Category: Indoor Composting

Hello

By , 9 July 2012 07:30

New content below this post.

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Thanks for visiting. If this is your first time here, you can find information about bokashi in the top sections or on my website. If you have a question about bokashi or composting in general, send me an email and I’ll blog my response.

Feedback is always appreciated.

Here’s a video about bokashi made in the summer of 2008:

Directed and edited by Rita Jasper. http://ritajasper.wordpress.com

I track tweets about bokashi and if I reply to one of your tweets, I do so as a public service. Instead of following me, subscribe to the RSS feed of this blog as most of what I write about bokashi will be here anyway.

Thanks to Carol Browne for the photo[s].


Andre's Bokashi success

By , 22 August 2010 21:29

Andre and partner tells us about their bokashi success.

Get your bokashi kit today!

From Green LA Girl: Successful apartment composting stories wanted

By , 6 April 2008 10:27

Los Angeles apartment dwellers could probably make use of a community composting initiative.

Successful apartment composting stories wanted

If you have a lawn or garden, you can easily transform food scraps into healthy, eco-friendly, compost. All you need to compost is basically a bin with holes at the bottom. But apartment-dwellers who don’t want to send fruit peels and veggie pieces to the landfill have a harder go of it. You need more involved equipment — and have to get more involved yourself.

This is why I haven’t started composting yet.

In fact, none of my local green, apartment-dwelling friends compost. And it’s not cuz we’re lazy!

It’s just tough to compost indoors. Jenn of Tiny Choices wrote a great post about the 4 ways to compost indoors. Guess what: Jenn doesn’t compost herself.

Are you a successful apartment composter? Share your story [greenlagirl@gmail.com] to encourage us all, and I’ll include them in a future post. In the meantime, I’m going to figure out how I can push Santa Monica, the city I live in, to give us green bins we can put our food scraps in for city composting. Homeowners get these green bins, but not apartment dwellers.

Composting indoors is a challenge but if you have no outside compost bin, then a combination of using bokashi and a worm bin* may do the job.

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*client

Another bokashi composter 'born' after reading my blog

By , 20 February 2008 10:14

Oanh a lawyer in England via Australia writes about her experiences exploring composting options and finds that bokashi is best solution:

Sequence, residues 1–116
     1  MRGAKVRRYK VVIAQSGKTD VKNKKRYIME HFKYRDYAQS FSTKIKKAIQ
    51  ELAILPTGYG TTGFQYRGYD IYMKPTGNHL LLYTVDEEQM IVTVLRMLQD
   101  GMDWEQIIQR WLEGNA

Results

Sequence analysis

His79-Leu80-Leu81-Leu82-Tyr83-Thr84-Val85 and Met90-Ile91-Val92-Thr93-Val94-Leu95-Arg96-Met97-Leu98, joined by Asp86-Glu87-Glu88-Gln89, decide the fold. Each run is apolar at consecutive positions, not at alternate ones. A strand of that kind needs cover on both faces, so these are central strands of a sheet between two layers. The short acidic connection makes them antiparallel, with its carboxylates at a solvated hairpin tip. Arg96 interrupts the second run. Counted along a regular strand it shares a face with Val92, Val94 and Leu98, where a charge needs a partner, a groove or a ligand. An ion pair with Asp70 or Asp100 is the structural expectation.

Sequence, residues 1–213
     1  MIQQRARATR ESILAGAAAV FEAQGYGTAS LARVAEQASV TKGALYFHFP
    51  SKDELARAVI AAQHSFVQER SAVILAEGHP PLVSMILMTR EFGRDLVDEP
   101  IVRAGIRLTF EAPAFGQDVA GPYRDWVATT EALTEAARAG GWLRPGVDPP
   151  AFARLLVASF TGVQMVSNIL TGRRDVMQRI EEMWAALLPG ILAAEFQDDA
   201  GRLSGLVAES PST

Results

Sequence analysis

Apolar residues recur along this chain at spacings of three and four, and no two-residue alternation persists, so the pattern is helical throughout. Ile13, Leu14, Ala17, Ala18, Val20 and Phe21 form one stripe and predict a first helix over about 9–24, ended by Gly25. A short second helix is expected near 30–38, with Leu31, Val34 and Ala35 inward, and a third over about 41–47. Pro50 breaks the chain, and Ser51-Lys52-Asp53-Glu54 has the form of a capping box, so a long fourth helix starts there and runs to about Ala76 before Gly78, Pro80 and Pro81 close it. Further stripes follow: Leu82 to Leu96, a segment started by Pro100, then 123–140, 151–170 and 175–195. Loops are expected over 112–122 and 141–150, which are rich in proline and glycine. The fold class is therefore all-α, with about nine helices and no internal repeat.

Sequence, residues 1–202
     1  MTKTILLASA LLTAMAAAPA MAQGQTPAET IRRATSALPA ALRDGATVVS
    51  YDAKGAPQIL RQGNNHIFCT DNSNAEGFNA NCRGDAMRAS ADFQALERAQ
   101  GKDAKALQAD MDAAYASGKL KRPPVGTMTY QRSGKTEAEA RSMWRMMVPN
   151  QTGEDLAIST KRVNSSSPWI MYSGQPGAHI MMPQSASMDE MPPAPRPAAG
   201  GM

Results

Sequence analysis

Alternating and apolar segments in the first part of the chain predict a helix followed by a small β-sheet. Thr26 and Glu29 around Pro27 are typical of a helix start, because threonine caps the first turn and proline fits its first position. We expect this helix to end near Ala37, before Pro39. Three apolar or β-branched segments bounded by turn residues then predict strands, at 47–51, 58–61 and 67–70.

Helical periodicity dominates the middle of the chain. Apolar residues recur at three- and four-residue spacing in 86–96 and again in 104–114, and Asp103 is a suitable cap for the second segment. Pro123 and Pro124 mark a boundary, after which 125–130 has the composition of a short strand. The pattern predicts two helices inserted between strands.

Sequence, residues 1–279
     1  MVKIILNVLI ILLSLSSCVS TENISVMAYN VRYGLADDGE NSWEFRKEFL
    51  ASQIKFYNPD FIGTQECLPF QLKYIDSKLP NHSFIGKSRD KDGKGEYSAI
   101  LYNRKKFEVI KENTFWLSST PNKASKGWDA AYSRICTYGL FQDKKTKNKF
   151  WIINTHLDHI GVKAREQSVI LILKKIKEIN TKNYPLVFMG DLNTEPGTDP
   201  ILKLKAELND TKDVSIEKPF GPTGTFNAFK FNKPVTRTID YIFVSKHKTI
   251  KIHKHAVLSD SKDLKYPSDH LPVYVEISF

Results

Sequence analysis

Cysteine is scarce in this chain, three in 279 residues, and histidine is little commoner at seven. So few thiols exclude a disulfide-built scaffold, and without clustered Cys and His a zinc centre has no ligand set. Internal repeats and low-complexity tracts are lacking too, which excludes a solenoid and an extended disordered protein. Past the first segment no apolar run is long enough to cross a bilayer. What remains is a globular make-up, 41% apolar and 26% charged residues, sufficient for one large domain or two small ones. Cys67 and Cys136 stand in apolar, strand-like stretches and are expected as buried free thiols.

Halfway between Ca Mau and Sai Gon: Compost-ing

So I started reading about Bokashi again. And this time, one year on, many more people have it and have used it, and can attest to it. Since entering the blogging world, I tend to trust bloggers’ reviews of products. I can gauge how similar I am to them, or their process of thinking, by reading happily around their archives and deciding whether or not what they say can apply to me. I tend to search reviews on the internet and specifically on blogs.

Initially, I avoided Bokashi Man because, although he’s a blog [sic], he was a seller of the Bokashi bran and plastic buckets. I thought he would be commercial. But eventually, I returned to his site and had a proper read. He is full of useful information, and is not just trying to sell his product. Indeed, he directed a person from New Zealand (we Aussies call them Kiwis, but I think perjoratively, so perhaps I should not) to another site from which they could purchase the product. He’s also a decent read….

Nice.

P.S. There’s a neat pic on Oanh’s blog.

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Four Ways To Compost Indoors

By , 24 January 2008 10:25

A post from Tiny Choices explains

Four Ways To Compost Indoors

For those of us without access to backyard, frontyard, or even sideyard space in which to compost our food scraps, there are four ways in which we can participate in this wholesome and environmentally sound pastime from the comfort and safety of our own homes.

In the post they talk about the Naturemill composter, Worm composting, Community composting and Bokashi:

“Bokashi (Japanese for “fermented organic matter”) is a method of intensive composting“– and it’s supercool– basically, the bokashi (a dry mixture most commonly made from bran, molassas, water and “effective microorganisms (EM)”) ferments your food scraps in an almost odor-free way– the process is reported to smell like apple cider vinegar!